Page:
The Institute of Embedded Systems (InES) High Performance Multimedia group generated a low latency version of the classic Jamulus music rehearsal application for the Raspberry Pi 4
The classic Jamulus is an open source application for music groups who want to rehearse over the internet. Especially with the global pandemic, Jamulus is a great solution for bands and choirs to rehearse from home.
With the Jamulus-Direct solution, the Institute of Embedded Systems reduces the latency of the audio connection compared to the classic Jamulus. The low audio latency is achieved through multiple peer-to-peer connections. This means that each participant is connected to the other members of the group via a dedicated connection. The audio no longer needs to be sent via an audio server, which reduces the latency.
Peer-to-Peer communication in Jamulus Direct reduces latency
The figure below shows the audio transmission in a classical server based session with three clients. Three computers run a client software. Computer 0 starts a client and a server. Each client sends their own audio to the server. The audio is mixed together at the server and sent back to the clients. However, the server topology shown below introduces latency because all data has to make a detour over the server.
Therefore, in Jamulus direct, a peer-to-peer topology eliminates the detour via the server (see figure below). Each participant in a peer-to-peer system exchanges its data with each other participant. Peer-to-peer is therefore the preferred structure to achieve the lowest possible latency.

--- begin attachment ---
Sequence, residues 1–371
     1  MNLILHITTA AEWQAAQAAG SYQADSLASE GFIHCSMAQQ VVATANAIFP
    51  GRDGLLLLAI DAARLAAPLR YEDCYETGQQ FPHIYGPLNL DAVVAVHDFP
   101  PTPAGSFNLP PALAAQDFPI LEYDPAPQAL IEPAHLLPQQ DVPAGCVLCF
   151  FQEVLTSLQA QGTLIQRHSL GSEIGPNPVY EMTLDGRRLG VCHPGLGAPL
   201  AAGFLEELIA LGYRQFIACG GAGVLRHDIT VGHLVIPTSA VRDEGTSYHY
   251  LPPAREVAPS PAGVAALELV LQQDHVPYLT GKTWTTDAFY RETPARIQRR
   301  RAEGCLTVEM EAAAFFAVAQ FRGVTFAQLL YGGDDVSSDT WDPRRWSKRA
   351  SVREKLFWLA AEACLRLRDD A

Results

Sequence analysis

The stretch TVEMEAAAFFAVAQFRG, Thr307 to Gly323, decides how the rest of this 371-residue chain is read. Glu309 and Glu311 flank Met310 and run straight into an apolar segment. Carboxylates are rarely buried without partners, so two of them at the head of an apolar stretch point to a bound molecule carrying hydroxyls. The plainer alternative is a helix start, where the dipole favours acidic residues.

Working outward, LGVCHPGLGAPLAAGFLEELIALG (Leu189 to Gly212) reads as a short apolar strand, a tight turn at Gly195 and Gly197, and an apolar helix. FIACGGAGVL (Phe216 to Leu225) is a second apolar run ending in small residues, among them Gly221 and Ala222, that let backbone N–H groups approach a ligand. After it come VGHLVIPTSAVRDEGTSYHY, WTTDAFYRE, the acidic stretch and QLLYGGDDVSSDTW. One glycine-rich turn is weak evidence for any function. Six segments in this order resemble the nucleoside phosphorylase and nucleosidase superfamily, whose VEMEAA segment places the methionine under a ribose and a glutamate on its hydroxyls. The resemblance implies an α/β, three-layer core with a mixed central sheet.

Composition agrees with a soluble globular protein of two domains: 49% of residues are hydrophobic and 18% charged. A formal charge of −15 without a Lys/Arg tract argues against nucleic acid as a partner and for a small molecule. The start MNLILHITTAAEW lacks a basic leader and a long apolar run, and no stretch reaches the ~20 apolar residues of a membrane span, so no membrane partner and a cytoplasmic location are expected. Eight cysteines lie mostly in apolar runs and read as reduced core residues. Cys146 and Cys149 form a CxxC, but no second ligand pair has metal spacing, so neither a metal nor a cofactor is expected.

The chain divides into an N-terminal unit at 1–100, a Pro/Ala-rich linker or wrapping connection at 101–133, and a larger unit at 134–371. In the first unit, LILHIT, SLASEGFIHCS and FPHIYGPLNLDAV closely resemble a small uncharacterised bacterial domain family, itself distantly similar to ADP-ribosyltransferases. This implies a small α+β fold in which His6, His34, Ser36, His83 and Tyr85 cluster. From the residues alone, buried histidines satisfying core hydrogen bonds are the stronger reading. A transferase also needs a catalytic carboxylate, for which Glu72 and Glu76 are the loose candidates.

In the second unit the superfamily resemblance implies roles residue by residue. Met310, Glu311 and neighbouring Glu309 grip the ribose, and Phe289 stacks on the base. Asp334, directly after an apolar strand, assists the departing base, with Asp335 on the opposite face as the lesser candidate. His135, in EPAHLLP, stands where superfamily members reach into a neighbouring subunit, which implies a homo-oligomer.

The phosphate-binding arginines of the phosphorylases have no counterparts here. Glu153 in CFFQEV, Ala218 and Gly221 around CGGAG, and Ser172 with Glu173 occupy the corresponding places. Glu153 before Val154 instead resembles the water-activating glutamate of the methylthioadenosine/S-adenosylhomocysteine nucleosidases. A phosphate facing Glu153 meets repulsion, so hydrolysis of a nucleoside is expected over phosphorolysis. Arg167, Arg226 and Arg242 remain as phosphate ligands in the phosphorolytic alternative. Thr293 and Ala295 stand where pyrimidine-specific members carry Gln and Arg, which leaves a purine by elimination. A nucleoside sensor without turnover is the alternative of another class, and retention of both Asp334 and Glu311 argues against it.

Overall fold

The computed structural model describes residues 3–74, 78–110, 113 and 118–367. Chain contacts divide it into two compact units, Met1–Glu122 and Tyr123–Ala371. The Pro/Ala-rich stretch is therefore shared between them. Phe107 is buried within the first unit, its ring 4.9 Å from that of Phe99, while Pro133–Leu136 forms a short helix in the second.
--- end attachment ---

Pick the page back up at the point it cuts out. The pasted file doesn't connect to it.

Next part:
This setup ensures the lowest possible latency between each device.
To achieve low latency, a few challenges had to be mastered to get a well functioning system.
For instance, that peer to peer connections usually are blocked by the firewall of the network router and therefore need a mechanism to open these ports on the firewall.
A further issue is the management of the session. In server based systems, the server usually manages the session. It is the contact point for new clients to register to join the session and also to unregister when leaving.
The peer-to-peer audio transmission showed audio latencies under 30 milliseconds for two locations, with a ping time of 13 milliseconds.
A detailed paper of Jamulus Direct can be downloaded here.
Jamulus-Direct is written for the Raspberry Pi 4 and achieves high quality audio utilizing a USB audio card connected via the RPI4 USB interface. Every audio card with available Linux drivers is suitable (Tested with Focusrite Scarlet 2i2 and Behringer U-Phoria UM2)
There are two ways you can use Jamulus-Direct:
1.) Burn Jamulus-Direct onto a SD-card and dedicate your Raspberry Pi for Jamulus-Direct
(Instructions for dedicated SD-card installation)
2.) Use Jamulus on your existing Raspberry Pi4 with Raspberry Pi OS already installed
(Instructions with already installed Raspberry Pi OS)